The disease is one of chronicity caused by the worms interacting with the surface of the pulmonary vessels.8 The presence of the worms in the bloodstream also leads to the physical rupture of red blood cells and the deposition of hemoglobin within fixed macrophages of the lungs, making the lungs of dogs with chronic heartworm infections appear brown. Villous proliferations on the vessels also lead to the formation of small thrombi that are carried deeper into the lungs and ultimately induce chronic lung disease.
But keep in mind that even with therapy, the worms are in the pulmonary arteries, not the intestinal tract. All that can happen after arsenical therapy is that the worms are driven deep into the lungs where they die in tightly coiled bundles, decay, and are ultimately cleared by the host's cellular response. However, this takes a long time and is not without effects; remember, each dead worm is about 20 cm long. But there is no good reason for dogs to receive preventives all year; it is just not needed.
Don't forget to factor in the unpredictability of nature. We know that Culex tarsalis mosquitoes can live up to two months when temperatures hold at 77 F,9 but there is a good chance they can live longer at cooler temperatures. Near George Lake in Alberta, Canada, over half of the overwintering Culex territans female mosquitoes studied survived more than 138 days at 23 F.10 These mosquitoes will continue to seek blood meals every time they are about to lay eggs, and if they are infected with heartworms in October, they could still easily transmit the infection during an unseasonably warm December, like the one we experienced this winter in Ithaca, N.Y. Such microclimate situations put dogs at risk all year long and are part of the rationale that led to the recommendation in the capc guidelines that dogs receive preventives year-round. With locally acquired heartworm transmission likely occurring in every state, it seems there is no good reason for a dog to be at risk in a nice November or in a warm March. But there is no good reason for dogs to receive preventives all year; it is just not needed.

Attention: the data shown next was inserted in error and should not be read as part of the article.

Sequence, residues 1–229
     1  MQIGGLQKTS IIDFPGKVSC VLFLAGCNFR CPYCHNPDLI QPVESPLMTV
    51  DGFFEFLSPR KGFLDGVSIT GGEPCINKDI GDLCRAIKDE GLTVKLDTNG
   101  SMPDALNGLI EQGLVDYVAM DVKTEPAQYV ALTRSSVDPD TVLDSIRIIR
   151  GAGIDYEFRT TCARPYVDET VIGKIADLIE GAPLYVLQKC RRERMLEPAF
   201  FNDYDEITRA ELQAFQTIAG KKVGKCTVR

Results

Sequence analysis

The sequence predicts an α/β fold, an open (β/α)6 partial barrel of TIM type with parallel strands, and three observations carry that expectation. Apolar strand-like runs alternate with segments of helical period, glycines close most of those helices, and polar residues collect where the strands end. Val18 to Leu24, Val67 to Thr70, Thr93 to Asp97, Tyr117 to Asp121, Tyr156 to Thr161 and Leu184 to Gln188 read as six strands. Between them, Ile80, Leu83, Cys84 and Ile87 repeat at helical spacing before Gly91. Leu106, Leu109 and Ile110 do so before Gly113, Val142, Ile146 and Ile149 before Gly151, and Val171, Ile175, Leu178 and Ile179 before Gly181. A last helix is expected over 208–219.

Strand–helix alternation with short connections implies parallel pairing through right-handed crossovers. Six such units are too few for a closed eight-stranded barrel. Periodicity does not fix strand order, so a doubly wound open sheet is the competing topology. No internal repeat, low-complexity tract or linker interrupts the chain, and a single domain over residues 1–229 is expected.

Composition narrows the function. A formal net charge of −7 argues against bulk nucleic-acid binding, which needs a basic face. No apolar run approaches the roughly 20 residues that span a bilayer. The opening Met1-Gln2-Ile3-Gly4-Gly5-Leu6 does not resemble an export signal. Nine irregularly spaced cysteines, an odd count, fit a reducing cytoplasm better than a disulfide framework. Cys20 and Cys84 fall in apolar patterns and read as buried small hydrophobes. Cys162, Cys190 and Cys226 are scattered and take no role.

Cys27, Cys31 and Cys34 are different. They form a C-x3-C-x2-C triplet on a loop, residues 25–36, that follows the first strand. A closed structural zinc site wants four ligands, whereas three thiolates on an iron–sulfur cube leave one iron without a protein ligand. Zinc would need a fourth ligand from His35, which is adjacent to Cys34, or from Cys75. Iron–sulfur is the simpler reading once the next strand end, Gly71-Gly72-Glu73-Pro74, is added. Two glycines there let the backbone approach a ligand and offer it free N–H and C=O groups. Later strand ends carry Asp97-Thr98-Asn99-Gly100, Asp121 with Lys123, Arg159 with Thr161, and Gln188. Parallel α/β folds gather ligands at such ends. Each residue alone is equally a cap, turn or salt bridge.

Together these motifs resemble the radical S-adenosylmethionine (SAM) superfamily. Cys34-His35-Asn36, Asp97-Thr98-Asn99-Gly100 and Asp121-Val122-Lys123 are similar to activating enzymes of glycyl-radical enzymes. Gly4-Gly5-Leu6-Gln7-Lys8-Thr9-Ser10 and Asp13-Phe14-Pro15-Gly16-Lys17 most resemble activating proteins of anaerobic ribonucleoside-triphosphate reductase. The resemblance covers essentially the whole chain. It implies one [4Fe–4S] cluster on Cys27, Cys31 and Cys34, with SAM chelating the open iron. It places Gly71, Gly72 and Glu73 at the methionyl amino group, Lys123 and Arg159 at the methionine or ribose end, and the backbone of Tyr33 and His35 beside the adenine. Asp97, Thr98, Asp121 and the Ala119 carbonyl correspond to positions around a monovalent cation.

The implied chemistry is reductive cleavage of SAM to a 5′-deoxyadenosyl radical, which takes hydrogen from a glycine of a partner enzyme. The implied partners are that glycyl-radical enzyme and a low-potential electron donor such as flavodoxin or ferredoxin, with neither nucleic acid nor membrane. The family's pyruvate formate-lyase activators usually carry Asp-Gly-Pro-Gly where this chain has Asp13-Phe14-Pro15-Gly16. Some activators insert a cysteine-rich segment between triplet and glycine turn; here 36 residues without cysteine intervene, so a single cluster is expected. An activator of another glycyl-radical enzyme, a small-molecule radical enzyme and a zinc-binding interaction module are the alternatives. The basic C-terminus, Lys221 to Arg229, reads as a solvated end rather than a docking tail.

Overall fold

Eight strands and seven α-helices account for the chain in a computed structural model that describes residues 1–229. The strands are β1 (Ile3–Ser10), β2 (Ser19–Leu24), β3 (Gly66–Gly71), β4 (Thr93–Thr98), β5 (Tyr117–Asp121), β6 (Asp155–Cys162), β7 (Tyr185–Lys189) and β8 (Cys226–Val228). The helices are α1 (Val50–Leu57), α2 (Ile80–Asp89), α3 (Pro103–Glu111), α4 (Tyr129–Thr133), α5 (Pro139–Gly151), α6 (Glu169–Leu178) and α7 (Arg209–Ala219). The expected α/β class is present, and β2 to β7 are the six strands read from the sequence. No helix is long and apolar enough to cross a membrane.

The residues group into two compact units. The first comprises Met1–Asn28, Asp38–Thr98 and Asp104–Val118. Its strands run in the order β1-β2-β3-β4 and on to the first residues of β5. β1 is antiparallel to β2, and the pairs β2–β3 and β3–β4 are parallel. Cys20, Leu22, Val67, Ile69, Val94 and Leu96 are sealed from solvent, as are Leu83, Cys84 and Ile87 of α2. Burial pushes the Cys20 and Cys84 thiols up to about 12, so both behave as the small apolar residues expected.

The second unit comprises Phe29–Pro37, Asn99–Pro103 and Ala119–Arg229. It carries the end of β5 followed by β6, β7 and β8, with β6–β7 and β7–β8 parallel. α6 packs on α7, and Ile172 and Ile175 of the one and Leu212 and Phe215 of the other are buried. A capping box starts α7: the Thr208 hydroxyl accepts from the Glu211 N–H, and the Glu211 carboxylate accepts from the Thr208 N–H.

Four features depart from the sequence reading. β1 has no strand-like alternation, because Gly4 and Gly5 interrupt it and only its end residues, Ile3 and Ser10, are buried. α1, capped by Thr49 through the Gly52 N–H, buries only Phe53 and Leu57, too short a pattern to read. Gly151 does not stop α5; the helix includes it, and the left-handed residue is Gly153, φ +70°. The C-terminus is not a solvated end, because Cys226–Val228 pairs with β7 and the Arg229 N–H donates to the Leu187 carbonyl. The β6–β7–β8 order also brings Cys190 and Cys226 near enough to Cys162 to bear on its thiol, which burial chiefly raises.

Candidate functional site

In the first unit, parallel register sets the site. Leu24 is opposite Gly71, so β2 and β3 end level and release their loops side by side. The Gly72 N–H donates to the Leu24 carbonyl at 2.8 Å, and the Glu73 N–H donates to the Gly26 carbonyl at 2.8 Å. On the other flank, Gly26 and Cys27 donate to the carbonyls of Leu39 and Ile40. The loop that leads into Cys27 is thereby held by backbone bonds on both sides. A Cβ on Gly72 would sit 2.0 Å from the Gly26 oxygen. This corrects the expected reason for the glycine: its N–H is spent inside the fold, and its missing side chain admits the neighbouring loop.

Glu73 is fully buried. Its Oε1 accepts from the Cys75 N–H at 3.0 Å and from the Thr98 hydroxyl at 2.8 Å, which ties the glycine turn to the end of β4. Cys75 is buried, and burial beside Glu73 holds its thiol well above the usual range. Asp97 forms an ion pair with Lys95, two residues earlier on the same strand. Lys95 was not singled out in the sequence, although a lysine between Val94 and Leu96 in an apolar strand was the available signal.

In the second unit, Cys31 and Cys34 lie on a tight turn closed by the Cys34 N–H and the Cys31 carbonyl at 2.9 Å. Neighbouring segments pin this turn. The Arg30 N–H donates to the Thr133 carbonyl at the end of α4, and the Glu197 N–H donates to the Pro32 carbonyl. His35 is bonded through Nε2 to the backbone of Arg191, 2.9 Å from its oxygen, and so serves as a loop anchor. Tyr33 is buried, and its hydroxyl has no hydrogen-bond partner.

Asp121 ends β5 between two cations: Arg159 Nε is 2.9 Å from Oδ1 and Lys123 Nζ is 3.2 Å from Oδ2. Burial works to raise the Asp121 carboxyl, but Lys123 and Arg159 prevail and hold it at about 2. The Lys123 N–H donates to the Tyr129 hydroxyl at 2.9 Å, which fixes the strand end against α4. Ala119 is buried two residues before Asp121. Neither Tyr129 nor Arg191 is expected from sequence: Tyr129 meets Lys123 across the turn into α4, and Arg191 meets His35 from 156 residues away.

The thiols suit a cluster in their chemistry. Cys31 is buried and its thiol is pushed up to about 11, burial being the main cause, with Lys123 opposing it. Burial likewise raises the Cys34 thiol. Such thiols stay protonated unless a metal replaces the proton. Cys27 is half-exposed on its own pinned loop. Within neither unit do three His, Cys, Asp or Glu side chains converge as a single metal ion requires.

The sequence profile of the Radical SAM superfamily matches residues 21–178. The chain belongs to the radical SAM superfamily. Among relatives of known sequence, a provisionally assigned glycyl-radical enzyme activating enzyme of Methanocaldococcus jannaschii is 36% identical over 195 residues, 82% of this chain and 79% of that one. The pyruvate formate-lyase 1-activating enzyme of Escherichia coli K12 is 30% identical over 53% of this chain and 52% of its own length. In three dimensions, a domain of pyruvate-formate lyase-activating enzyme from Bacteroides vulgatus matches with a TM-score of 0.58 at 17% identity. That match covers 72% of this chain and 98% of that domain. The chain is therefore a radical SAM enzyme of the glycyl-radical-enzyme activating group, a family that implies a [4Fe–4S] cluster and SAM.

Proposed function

Perhaps we could take a lesson from our counterparts in human medicine. Human lymphatic filariasis, a disease caused by cousins of the heartworm, is transmitted by mosquitoes that bite infected people. The disease induced—elephantiasis—is horrible. Small thread-like worms live in the lymphatics and cause severe disfiguring and immobilizing disease in their human hosts. The World Health Organization is leading the charge to eradicate these parasites through "mass drug administration strategies for disease elimination."10 These mass treatments of populations have had a significant impact on the rate of infection in people and vectors.11 We can only hope that someday we will place similar pressure on the transmission of heartworms, reducing the occurrence of the devastating disease that heartworms cause in dogs.
Dwight D. Bowman, MS, PhD, is a professor of parasitology at the Department of Microbiology and Immunology, College of Veterinary Medicine, Cornell University, Ithaca, NY 14853.
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10. Hudson JE. Cold hardiness of some adult mosquitoes in central Alberta. Can J Zool 1978;56:1697-1709.
11. World Health Organization. Lymphatic filariasis. Tropical disease research: progress 2003-2004. Seventeenth Programme Report of the UNICEF/UNDP/World Bank/WHO Special Programme for Research & Training in Tropical Diseases, 2005.